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Personal Capital Exit

Decided this week to exit a Personal Capital managed account strategy that has been held for about 3 years. Broadly speaking the allocation was 50% US equity, 25% foreign equity, 15% bonds and 10% alternatives (gold/real estate). Decision is mostly related to trying to reduce long term fees in our portfolio, plus trying to go more self directed with our investments.

The main reasons for exiting were that fees were adding up over time and market timing


– fees quite high 0.9%, relative to other managed investments. After 3 years these have started to add up, so if strategy is not significantly outperforming more long passive term strategies, then not being paid for the extra risk. Fees are ok for a few years if the market basically goes higher, but if market is flat to down them they will really start to impact performance over the long term.

– dividend yield minus fees is 0.6%, so dividend do pay for the fees, but effectively they cancel each other out. As a comparison you can get a better risk free return of 0.9% in several us savings banks. So therefore the 0.6% offered by this portfolio is under the risk free return rate, so this implies that nearly all return has to come from stock price growth.

– 50% of allocation is in standard market etfs. For example the alternatives (gold, real estate) and international stocks (Europe, Asia) are all standard market etfs. Does not make sense to pay someone else 0.9% fees to allocate an etf portfolio. For these asset classes that were a 50% allocation in our portfolio, this simply paying a fee for relatively standard asset allocation (hard to argue that there is value add from this half of portfolio).

– 50% allocation was US stocks that were 10 individual stocks in 8 main sectors (total 80 stocks) weighted in equal amounts. This is where the tax loss harvesting strategies should outperform according to marketing material. This approach might make sense if you wanted your total allocation to be in US stocks, especially if you believe that the tax loss harvesting strategy is a better mouse trap over the long run.

Market timing

We believe market is ultimately going lower in 2016, but could have short term spike higher into April/May. But even if it doesn’t do that, would like to trade in a more self directed fashion with this capital. Instructed Personal Capital to exit on March 7th, and admittedly the market might go higher from here. However this was somewhat of a tactical exit once the spy had rebounded to 200.00 about 10% from the lows in jan 2016. It is better to exit into strength (Mar 2016), than sell on weakness (Jan 2016).

– this is a bull market strategy that will perform poorly in a bear market, as demonstrated by the swift decline into Jan 2016. However with this particular strategy allocation the declines are faster and the rebounds slower, than for example the standard SPY etf.

– the advantage of this strategy was that it was a fully managed account. This required no interaction once setup, and could run itself. The individual stock positions in the account were independent from the 30 day rule because we have no discretion over position execution. This enabled the ability to have individual stock positions in a portfolio without having to manage them around the 30 day rule. However ultimately this lack of control is only useful in a bull market. When a bear market comes this type of strategy can sell off rapidly due to correlation between risk asset classes.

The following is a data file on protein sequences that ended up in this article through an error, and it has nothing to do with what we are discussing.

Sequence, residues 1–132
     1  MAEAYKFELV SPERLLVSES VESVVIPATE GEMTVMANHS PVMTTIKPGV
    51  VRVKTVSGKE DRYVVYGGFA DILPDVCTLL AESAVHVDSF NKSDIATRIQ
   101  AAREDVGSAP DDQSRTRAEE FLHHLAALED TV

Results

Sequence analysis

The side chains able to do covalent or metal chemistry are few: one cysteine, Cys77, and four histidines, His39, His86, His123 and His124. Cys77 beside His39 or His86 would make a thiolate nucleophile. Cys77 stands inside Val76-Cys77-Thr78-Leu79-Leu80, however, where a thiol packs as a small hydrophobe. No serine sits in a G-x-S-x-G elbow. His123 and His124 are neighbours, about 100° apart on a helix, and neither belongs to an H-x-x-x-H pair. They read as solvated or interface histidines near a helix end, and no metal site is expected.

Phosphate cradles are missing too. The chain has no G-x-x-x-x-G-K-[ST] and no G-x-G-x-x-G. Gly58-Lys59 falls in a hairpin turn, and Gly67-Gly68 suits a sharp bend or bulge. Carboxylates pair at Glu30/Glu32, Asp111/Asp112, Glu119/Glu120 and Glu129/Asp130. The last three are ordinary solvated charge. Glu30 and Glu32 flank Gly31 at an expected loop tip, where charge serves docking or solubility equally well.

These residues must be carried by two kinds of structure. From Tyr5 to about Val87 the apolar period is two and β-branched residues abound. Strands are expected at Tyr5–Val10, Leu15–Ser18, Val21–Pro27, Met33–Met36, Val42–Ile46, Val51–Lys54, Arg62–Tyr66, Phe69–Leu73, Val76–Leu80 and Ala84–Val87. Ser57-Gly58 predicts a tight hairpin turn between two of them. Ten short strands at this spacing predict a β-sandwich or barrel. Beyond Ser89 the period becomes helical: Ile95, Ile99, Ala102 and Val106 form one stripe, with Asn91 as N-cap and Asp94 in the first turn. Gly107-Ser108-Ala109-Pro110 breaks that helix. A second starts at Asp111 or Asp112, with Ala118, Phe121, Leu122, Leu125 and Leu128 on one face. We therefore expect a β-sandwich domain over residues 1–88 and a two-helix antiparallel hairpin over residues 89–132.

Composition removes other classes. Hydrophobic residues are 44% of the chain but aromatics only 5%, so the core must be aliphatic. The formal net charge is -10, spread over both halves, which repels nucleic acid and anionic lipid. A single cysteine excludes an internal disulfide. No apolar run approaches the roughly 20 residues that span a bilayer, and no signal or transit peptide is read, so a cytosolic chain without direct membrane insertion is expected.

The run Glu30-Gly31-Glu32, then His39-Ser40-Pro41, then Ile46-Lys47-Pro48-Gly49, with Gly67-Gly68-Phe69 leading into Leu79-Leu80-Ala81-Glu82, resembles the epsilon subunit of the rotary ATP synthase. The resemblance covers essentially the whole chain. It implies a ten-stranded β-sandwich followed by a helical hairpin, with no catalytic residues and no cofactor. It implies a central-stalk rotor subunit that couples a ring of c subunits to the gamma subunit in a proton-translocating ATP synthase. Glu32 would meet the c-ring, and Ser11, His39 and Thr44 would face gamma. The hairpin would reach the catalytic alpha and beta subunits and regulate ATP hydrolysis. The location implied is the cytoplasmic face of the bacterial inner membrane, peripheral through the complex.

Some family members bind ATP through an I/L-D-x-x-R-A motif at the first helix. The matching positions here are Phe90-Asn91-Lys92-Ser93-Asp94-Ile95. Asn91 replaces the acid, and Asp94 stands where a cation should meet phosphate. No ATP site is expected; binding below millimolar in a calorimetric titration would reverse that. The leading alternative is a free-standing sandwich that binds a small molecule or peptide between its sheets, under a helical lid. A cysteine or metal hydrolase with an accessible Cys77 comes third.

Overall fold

Portfolio Monitoring

Will still continue to use their free consolidated financial view website. Hopefully their website still has several issues representing international assets and options.

– no way to represent FX positions such British Pounds (GBP) and Canadian Dollars (CAD) – these have to be represented as a cash position, then enter the FX rate manually. This is annoying to do every month.

– no way to represent Options, they are just bundled under “Other” for any new trades – so constantly need to update to the correct asset class with each new trade – which is not really manageable given how many options trade we do.


In summary having looked at the characteristics of the strategy, effectively this is only a capital growth strategy, with no significant dividend income. This is because most of the dividends are eaten up by fees. Effectively you can get similar exposure on the us stock allocation, simply by using 1 contract of ES future contract (approx $100k exposure per contract). Futures contracts don’t pay dividends, so this might be most efficient and cost effective alternative to paying fees. We are planning to replicate a similar risk profile with futures and selling index options to reduce cost basis, for significantly less fees.

Personal Capital Portfolio in addition to a nice user interface also offer portfolio management (ie managed money). This is aimed at the “mass affluent” segment, which for the sake of a definition would likely be people with a liquid net worth from around 250k to $5million+. They also seem to be trying to capture up and coming HENRYs (high earners not rich yet). In finance industry slang this would be somewhere in between poor people (<100k) and ultra high net worth (>$10million). They are correct that this segment is traditionally underserved by common brokerages. Typically their minimum account size is 100k (but you can negotiate for less). They do charge a 0.95% annual fee (prorated and deducted monthly) for the privilege – but please read on before going into DIY mode!
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